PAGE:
The spring and summer months are not the only times of year to care for your yard. It’s easy to maintain your landscaping in fall and keep your yard looking great even after the green foliage of summer is gone.
Prepare Your Fall Garden
When preparing your home for fall, consider adding a fall garden space. Between late summer and early fall, remove annual flowers planted during the summer and pull out weeds and other unwanted plants.
Once you have tidied up your garden space, you can begin planting for fall. Choose flowers, shrubs, and trees that will perform through the season. Mums, marigolds, and flowering kale are great fall choices.
Care for Your Lawn When Landscaping in Fall
During the fall season, care for your lawn to protect it from the cooler weather and get it ready for next summer. Continue mowing the grass as needed until the first frost. You may notice your grass growing slower than in the summer months, but you can still mow and water it.
Also, apply fertilizer in the fall to keep your lawn healthy. The fertilizer will help your grass grow stronger roots before winter. Fall is also the perfect time to aerate and seed bare patches in your lawn.
Plan a Spring Garden
Fall is a great time of year to plan out your spring garden. Choose flowers and plants you want to see bloom in the spring and add them to your garden now. Bulbs should be planted in the fall so they’re ready to bloom when the weather warms. Tulips and daffodils are popular choices for spring gardens.
Fall is also a good time to plant perennials. The soil is still warm from the summer, providing the right environment for plants to grow strong roots before the harsh, cold months ahead.
Make a Clean-Up Plan
The bright hues of autumn leaves won’t last on the trees for long. Soon the fallen leaves will litter the yard. Caring for the landscape in fall means to plan for leaf pickup. If you have a mulching mower, mulch your leaves as you mow the lawn. The nutrients in mulched leaves will find their way back into the soil.
You can also rake and compost leaves to add to the soil next year. If your town or HOA requires leaf clean-up, rake and gather the leaves for scheduled town leaf collections.
You’re likely to sell your home more quickly and for a higher price when the exterior impresses potential buyers. Here are 8 tips that will help you improve curb appeal.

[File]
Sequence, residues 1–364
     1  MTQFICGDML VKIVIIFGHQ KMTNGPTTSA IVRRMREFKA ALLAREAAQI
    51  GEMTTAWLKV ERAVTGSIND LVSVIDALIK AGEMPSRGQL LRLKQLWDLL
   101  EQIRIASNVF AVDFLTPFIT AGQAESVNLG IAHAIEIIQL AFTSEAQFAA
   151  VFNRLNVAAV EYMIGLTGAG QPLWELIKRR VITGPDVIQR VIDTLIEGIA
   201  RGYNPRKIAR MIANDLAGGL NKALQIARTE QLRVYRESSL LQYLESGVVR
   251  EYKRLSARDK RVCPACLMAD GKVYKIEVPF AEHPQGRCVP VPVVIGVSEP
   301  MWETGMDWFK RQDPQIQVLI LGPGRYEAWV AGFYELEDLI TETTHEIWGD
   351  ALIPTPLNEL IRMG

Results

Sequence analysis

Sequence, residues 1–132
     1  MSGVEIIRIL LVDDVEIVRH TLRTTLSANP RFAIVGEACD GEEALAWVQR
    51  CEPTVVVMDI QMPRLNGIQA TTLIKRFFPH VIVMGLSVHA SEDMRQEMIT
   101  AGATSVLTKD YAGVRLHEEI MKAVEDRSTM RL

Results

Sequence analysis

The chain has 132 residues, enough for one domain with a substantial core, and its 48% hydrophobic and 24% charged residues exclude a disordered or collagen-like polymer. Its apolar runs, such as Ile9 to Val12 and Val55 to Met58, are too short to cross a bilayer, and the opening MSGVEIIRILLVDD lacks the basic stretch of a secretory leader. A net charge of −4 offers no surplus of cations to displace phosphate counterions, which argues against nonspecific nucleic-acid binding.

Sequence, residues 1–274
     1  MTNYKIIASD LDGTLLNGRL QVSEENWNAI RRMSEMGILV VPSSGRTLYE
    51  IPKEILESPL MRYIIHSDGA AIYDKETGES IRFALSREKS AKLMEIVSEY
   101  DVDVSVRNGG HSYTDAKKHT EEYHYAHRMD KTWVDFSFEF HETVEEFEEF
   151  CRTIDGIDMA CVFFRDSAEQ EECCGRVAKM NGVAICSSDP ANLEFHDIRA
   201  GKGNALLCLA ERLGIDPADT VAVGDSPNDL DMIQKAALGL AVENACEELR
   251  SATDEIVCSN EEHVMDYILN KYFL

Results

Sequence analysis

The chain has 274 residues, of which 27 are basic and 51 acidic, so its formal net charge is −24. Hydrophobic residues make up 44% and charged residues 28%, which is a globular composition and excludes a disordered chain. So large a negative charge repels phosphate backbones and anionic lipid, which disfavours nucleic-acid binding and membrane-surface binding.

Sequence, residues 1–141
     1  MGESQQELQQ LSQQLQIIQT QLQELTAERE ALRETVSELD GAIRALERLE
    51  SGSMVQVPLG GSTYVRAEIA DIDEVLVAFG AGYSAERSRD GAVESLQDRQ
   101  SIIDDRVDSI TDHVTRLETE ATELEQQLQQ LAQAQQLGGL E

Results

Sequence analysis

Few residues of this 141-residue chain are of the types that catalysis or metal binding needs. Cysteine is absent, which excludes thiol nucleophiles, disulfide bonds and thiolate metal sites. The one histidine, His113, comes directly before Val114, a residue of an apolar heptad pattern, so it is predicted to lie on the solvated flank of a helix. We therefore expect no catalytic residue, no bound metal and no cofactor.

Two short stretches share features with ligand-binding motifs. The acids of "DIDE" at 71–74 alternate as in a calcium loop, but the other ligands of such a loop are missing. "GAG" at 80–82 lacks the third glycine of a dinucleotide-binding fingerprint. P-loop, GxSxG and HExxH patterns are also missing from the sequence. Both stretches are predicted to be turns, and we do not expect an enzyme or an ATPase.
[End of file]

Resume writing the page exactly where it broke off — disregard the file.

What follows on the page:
Wash the House
It’s possible to add profit by simply cleaning the exterior of your home. Get rid of the dust, dirt, and grime on a vinyl, wood, stucco, metal, or brick exterior with a pressure washer. It’s best to hire a pressure washing company if you are inexperienced with using this machine so that you don’t damage your property.
Improve Curb Appeal by Fixing Your Roof
The rest of the home’s exterior may look great, but if the roof is failing, it will bring down the curb appeal of the house. This is especially true if all of your neighbors have newer roofs that are in good condition. Repair the roof, if needed. If your roof is technically sound but dirty, then get it professionally cleaned. Removing moss, algae, lichens, and dirt will make any roof look better.
Get Rid Of All Clutter
Move garbage and recycling bins to the backyard or the garage. Get rid of old, dirty, or broken lawn decor and furniture that is bringing down the curb appeal of the yard. Tidy up toys and bikes that may be laying around the yard, and stash them in a shed or garage.
Paint Your Home to Improve Curb Appeal
Sometimes washing your home isn’t enough to improve curb appeal. Painting your home with a fresh coat of paint makes the home look much newer. It’s best to use a neutral color that will appeal to most people when selling your home.
Spruce Up The Yard